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An extract from Stolen by Roberta Kray



Friday 16 September. Kent


Lolly Bruce reached out from the passenger seat and angled the rear-view mirror so she could study her face, peering at her reflection with a combination of intensity and disappointment. Grey eyes, small pink mouth, brown hair swept into a topknot. She sighed. Even with all the effort she made, her make-up carefully applied, she felt she never quite pulled it off. There was something  in her features that betrayed her, something more East End than West, more Kellston than Mayfair. She had learned how to imitate sophistication but not how to inhabit it.

‘Do you have to do that?’ Vinnie asked.

‘How else am I supposed to see what I look like?’

‘You look the same as the last time you checked.’

Lolly gave a snort. ‘That was over an hour ago. Women of substance have to pay attention to their appearance.’ She applied more lipstick and dabbed at her lips with a tissue. ‘All right. I’m ready.’

Vinnie rolled his eyes and then moved the mirror back to where it belonged.

Lolly checked her fake Hermes handbag, made sure the goods were still inside and got out of the car. She took a deep breath and pushed back her shoulders. Posture was everything in this game. Well, that and confidence. She had done this same thing so often but the nerves still got to her.

As she walked towards  the shop, Lolly tried to tune in to that sense of entitlement which the monied possessed. I have every right to be here, every right to be the owner of some very classy jewellery.   The trick was to look the part – cashmere twinset, pearls, heels – and to sound it too. She could manage the latter without any difficulty. Five years at Daynor Bridge, a public school for girls, had taught her how to speak with a silver spoon in her gob. What it hadn’t done, however, was to wipe away all traces of her working-class origins. Acting in a superior fashion didn’t come naturally to her and nor did the art of disdain.

Today her name was Anna Carter-West  and she had a driving licence to prove it. The licence was as genuine as her handbag. Sometimes they asked for ID and sometimes they didn’t, but she always came prepared. Stopping outside the jeweller’s, she took a moment to steady herself whilst pretending to study the window display. It didn’t do to linger for too long; courage had a habit of draining away.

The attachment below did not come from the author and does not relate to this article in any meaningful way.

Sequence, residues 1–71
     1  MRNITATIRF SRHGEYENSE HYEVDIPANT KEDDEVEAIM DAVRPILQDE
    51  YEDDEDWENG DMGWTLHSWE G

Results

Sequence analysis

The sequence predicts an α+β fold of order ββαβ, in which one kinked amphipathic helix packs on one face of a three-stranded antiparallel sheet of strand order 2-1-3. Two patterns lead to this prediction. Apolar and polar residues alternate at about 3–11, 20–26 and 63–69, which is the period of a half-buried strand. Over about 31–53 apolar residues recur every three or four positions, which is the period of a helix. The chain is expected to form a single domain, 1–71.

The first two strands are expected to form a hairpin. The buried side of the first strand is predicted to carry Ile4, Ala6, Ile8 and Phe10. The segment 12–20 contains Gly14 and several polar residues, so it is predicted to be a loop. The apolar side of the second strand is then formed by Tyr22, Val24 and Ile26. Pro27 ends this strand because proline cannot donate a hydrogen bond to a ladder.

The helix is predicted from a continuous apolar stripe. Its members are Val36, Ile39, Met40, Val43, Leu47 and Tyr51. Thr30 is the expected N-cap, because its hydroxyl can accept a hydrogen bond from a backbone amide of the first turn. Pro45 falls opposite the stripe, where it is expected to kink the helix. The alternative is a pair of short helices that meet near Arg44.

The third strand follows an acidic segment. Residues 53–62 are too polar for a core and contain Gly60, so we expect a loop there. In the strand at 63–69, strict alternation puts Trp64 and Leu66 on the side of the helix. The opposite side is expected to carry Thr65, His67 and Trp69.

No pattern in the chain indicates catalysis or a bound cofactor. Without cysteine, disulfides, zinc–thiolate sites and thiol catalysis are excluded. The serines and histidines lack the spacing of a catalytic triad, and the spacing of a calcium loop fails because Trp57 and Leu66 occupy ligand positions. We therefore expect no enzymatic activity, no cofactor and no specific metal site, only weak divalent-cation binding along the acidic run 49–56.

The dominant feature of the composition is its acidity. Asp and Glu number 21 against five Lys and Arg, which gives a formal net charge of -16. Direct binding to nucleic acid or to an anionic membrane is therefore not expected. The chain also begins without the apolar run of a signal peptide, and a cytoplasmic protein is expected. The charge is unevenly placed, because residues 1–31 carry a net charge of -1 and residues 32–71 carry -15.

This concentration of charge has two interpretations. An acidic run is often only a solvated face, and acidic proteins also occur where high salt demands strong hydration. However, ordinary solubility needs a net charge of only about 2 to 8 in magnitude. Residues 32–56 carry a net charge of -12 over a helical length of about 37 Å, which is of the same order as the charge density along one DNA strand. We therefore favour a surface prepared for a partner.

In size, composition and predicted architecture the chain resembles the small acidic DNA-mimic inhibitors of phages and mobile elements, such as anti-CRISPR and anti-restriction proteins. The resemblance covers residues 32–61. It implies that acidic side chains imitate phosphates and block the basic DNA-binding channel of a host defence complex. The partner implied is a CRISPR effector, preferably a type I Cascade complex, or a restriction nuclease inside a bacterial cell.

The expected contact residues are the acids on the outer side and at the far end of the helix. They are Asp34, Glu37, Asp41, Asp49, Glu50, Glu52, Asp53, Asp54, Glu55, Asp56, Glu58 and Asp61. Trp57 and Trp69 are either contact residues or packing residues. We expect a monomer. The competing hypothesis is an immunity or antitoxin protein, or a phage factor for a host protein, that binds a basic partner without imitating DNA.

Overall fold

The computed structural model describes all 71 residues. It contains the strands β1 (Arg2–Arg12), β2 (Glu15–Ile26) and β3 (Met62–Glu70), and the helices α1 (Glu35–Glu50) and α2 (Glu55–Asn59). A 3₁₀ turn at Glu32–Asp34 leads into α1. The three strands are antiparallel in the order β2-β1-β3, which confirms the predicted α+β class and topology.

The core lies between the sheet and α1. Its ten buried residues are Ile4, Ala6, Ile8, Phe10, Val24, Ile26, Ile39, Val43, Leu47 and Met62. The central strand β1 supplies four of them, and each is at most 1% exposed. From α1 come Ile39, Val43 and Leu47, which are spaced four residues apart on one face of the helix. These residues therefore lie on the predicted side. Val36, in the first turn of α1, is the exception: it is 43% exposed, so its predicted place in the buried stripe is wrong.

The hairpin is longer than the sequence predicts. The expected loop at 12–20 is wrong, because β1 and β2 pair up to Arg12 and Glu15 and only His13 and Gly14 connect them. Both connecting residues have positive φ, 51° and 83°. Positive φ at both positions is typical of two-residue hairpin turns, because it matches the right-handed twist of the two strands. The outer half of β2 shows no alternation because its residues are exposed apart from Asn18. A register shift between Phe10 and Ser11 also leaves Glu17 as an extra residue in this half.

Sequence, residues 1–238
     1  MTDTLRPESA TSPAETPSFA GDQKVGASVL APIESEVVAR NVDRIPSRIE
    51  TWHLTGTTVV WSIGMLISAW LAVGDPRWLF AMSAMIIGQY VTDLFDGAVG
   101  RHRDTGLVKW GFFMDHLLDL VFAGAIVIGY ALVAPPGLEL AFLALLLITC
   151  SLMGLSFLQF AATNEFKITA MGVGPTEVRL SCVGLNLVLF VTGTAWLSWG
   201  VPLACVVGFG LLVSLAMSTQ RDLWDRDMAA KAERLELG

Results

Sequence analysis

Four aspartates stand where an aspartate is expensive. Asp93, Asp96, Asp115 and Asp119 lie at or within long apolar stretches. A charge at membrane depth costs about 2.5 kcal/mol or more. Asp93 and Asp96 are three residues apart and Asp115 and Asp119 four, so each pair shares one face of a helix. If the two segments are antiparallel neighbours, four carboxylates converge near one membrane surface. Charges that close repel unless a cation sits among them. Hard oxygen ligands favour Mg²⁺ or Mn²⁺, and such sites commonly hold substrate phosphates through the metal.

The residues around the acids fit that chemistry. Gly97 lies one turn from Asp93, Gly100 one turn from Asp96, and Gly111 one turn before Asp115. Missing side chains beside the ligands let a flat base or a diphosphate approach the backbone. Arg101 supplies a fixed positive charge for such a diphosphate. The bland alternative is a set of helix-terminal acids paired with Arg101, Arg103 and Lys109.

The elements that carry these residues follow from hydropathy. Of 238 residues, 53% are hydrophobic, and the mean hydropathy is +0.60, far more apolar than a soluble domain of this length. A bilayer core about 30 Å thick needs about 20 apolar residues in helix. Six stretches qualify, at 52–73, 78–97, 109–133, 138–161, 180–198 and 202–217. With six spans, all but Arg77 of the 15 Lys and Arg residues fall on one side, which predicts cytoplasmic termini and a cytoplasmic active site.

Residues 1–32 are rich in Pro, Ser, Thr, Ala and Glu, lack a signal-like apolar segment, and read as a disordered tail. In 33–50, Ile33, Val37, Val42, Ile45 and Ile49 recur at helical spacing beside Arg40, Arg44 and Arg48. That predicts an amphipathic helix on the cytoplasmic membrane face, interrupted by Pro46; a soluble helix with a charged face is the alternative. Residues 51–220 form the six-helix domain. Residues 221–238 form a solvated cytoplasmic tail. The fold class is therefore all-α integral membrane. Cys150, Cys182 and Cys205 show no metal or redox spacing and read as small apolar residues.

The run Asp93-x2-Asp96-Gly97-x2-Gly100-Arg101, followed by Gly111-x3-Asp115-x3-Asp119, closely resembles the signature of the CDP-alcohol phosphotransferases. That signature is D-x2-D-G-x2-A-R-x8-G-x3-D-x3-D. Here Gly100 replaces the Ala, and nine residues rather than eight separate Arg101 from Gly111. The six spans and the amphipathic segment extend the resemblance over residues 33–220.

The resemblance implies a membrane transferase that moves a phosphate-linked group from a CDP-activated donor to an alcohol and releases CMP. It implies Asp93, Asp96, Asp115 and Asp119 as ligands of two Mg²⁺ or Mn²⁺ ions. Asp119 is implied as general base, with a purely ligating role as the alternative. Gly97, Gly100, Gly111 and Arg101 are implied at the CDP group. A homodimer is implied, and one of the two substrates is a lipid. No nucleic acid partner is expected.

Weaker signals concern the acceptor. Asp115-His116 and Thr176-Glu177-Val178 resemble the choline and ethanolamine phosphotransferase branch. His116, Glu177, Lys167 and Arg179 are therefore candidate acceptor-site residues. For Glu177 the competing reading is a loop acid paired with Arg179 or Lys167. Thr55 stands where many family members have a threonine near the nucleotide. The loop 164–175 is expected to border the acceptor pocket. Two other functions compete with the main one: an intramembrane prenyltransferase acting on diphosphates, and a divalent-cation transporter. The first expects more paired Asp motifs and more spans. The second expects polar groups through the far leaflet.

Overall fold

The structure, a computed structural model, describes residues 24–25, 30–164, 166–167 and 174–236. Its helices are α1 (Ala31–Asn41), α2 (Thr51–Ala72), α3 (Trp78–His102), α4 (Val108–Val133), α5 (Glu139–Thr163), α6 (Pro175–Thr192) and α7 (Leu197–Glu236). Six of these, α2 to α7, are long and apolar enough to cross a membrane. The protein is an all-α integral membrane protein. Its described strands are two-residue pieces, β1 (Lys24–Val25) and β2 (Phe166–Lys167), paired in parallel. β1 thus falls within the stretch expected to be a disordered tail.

Inside, the shop glittered with its fancy lighting and pricey displays. Stepping up to the counter, with what she hoped would pass for blue-blooded  nonchalance,  she gave the man a pleasant smile. ‘Good morning.’

‘Good morning, miss. How can I help you?’

Lolly took one of the small velvet-lined boxes from her hand- bag. ‘I have a ring,’ she said. ‘It belonged to my grandmother.

I’m not sure if I want to sell it or not but . . . Perhaps you could tell me how much it’s worth.’

The man was in his forties, small and dapper with a thin face and narrow moustache. He took the box and opened it, his gaze flicking between the ring and Lolly. ‘Antique,’ he said, removing the ring and examining it. ‘A ruby.  Very nice.’ He put a tiny magnifying  glass to his eye and examined the hallmark.

‘Eighteen carat gold.’

Lolly knew all this  already but  nodded  anyway. ‘And its value?’

The man hesitated. ‘Your grandmother’s, you say?’

‘That’s right. She passed away a few years ago. As I mentioned, I don’t really want to sell it but . . .’ Lolly assumed a suitably sad expression. She knew from experience that it was wise to keep things simple and not embroider the story.

‘If you could just give me a couple of minutes, I’ll get my colleague. He’s the expert on precious gems.’

As he withdrew into the rear of the shop, ring in hand, Lolly had one of those alarm bell moments. Had he looked at her oddly? Why hadn’t he left the ring on the counter? Why was her heart beating like a jackhammer? None of this felt right, and if it felt wrong it probably was. The final confirmation of this came when she thought she heard the ting of a phone being lifted. Had she? She wasn’t sure. Damn it! The bastard could be calling the law.

She had to make a quick decision. If she did a runner, she’d have to leave the ring behind, but if she stayed he might try and keep her talking until the police arrived. How long would that take? Five minutes? Ten? Unless there was a patrol car in the district, in which case . . .

Lolly looked over her shoulder and out of the window. It was a busy road with lots of traffic. Vinnie was parked around the